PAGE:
September 29

INF533 Assessment 4 Part C: Critical Reflection

At the start of this subject I was coming from a place where my work as an educational professional was somewhat at war with the digital environment, or at least with the engagement with it through the technology available in my last classroom-teaching experience. I discussed this with Helen in the forums (Styan, Simon, & Croft, 2018). I knew that integration of information and communication technology (ICT) was a requirement of the New South Wales (NSW) Syllabus (NSW Education Standards Authority, n.d.) and was seen as a key part of the role of teacher librarians (TLs) (Combes, 2016, paras. 42-45), but from hard experience, I had lost my enthusiasm for putting it into action.

My exploration of digital literature in the first half of the session was frustrating at times (Simon, 2018d), but I ultimately found some inspiration as mentioned on my blog (Simon, 2018e). Learning about the historical development of digital literature (Rettberg, 2012) was fascinating and readings from practitioners such as Annette Lamb (2011) and Maureen Walsh (2013) gave me practical ideas for how to evaluate and select pieces of digital literature and use them in classroom programs. I still wrestle with the idea that just because literature is digital it requires new literacies to comprehend it, as I discussed on my blog (Simon, 2018c) and in the forum (Simon, 2018a). Nonetheless, David Leu and his colleagues make a strong case for the importance of acknowledging and explicitly supporting specific skills required when reading digital texts (Leu, et al., 2011; Leu, Forzani, Timbrell, & Maykel, 2015). This new understanding underpins my conviction that it is essential for educational professionals to include digital reading experiences in their lessons and to explicitly instruct students in digital literacy across all levels of instruction.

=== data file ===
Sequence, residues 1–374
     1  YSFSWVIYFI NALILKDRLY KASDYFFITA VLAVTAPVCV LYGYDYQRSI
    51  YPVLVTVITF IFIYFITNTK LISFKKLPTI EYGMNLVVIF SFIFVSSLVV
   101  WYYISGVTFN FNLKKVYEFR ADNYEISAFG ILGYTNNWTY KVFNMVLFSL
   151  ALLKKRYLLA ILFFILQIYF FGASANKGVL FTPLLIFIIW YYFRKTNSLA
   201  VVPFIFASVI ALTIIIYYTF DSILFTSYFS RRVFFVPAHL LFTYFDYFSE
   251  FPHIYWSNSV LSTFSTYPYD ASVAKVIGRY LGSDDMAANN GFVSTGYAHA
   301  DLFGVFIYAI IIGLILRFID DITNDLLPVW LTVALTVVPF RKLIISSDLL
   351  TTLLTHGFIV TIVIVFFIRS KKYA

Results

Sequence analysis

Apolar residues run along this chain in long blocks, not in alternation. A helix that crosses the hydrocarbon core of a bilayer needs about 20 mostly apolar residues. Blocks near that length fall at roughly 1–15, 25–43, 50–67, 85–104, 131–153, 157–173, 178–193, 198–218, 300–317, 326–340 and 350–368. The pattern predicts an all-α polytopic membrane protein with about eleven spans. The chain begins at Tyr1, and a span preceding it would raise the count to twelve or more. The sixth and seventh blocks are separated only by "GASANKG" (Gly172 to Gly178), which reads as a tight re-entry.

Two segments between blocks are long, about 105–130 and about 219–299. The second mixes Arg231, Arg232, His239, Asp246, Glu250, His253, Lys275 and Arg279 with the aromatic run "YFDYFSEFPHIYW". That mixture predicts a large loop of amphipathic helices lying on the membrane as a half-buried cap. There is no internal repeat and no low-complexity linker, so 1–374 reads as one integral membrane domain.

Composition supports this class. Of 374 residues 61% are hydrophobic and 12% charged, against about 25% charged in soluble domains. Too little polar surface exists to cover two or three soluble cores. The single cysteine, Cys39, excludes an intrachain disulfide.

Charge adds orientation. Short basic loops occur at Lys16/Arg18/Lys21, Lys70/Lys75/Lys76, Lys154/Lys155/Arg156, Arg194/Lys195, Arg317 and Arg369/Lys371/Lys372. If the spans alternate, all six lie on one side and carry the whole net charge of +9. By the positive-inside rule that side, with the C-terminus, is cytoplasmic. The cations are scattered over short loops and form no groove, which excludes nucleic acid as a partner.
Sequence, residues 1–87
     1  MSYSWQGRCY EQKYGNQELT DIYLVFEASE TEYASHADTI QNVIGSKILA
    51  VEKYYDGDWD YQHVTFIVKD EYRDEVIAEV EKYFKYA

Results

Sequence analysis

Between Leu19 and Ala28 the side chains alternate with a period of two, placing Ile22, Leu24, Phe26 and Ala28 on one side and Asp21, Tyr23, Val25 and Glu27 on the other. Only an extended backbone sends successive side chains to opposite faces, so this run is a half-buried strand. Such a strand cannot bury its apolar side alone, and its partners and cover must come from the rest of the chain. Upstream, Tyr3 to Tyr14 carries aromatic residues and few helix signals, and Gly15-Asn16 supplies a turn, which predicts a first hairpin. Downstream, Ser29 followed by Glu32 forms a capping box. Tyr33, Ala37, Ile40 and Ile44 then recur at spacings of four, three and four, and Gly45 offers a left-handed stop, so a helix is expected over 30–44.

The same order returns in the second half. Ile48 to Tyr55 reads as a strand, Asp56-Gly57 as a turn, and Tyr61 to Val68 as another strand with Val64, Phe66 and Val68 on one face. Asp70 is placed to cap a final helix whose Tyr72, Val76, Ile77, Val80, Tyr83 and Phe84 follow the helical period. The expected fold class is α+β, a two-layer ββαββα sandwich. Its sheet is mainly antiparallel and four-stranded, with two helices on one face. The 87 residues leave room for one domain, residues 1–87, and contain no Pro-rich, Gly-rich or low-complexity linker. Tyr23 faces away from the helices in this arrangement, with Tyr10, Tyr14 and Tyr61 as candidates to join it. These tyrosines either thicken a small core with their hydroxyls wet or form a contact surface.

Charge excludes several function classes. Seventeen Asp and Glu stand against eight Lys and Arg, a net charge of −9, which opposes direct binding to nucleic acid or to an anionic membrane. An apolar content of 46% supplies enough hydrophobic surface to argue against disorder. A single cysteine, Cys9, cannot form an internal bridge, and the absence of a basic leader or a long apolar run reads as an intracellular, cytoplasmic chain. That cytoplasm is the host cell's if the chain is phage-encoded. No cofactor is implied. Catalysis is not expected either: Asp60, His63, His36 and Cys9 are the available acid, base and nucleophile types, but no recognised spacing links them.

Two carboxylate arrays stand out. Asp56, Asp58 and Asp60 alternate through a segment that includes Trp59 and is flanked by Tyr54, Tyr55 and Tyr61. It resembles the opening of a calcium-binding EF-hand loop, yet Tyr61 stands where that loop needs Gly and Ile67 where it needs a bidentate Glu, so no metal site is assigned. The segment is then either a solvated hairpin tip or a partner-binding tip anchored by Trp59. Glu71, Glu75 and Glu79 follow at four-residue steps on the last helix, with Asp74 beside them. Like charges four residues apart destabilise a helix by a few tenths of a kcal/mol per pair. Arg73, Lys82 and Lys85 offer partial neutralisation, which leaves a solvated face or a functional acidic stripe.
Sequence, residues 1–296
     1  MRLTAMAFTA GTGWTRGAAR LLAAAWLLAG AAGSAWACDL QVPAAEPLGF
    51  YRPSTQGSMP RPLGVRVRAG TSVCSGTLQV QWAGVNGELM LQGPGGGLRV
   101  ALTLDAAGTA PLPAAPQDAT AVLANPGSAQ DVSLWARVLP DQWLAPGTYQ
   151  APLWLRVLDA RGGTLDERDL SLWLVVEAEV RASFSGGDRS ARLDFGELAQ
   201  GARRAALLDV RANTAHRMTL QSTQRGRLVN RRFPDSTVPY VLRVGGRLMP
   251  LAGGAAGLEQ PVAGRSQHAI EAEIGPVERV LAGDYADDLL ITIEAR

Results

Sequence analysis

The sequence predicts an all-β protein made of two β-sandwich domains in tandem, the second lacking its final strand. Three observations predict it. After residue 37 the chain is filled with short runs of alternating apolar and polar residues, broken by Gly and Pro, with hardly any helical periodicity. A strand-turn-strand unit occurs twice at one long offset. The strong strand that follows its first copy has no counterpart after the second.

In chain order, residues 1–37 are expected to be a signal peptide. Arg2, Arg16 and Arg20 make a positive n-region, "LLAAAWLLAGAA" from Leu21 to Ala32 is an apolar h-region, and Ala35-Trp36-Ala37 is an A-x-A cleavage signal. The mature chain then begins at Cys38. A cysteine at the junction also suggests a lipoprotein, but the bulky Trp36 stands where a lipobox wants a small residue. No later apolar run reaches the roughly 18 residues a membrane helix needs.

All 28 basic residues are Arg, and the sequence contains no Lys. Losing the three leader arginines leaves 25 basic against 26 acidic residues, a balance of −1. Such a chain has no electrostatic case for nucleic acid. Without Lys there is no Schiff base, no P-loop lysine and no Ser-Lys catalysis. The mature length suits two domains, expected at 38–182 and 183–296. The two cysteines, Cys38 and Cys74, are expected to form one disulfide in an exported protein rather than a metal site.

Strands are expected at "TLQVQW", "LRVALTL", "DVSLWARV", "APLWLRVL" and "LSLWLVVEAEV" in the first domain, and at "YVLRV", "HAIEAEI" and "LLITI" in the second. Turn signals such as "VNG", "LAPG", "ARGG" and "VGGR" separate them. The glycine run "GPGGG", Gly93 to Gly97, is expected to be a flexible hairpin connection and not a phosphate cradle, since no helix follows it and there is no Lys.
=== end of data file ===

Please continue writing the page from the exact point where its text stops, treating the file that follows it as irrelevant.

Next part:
The process of exploring digital literature to find examples for the review assessment encouraged me in my use of social media for connecting and networking with colleagues. Though not initially in my comfort zone (Simon, 2018b), establishing a habit of checking Twitter and the #INF533 hashtag has enhanced my professional practice. It has helped me to communicate with my classmates (Simon, 2018h), keep abreast of developments in the field of electronic literature (Simon, 2018j), and start widening my professional network (Simon, 2018i). I intend to keep up the habits of engaging with Twitter and my blog as I continue to develop professionally. I will also recommend engagement in professional social media networking to colleagues as an essential ingredient in modern educational professional development.

Reading about digital storytelling (DST) was interesting and I reflected on the curricular value of it in my response to the Module 4.1 question cross-posted to forum and blog (Simon, 2018f). However, working through the practical application in the final assessment project really developed my ideas and feelings about DST as a learning tool as well as the responsibilities that educational professionals working in the digital environment have to the educational community. Making my own decisions about how to present my chosen story revealed the depth of learning possible through projects of this sort; I worked hard to represent Robin’s (2008) seven elements of DST (Robin, 2008 as cited in Matthews, 2014, p. 29) in my work. Looking at the range of choices members of the cohort used as platforms-many of them not mentioned in the literature from our course readings-to present their stories gave me pause to think. It highlighted for me the responsibility of educational professionals  to contribute to the research and practitioner literature with current thinking on tools and pedagogy given the rapidly evolving digital environment. To fulfil this responsibility, I intend to prioritise professional communication and publication in my work-life as an educational professional.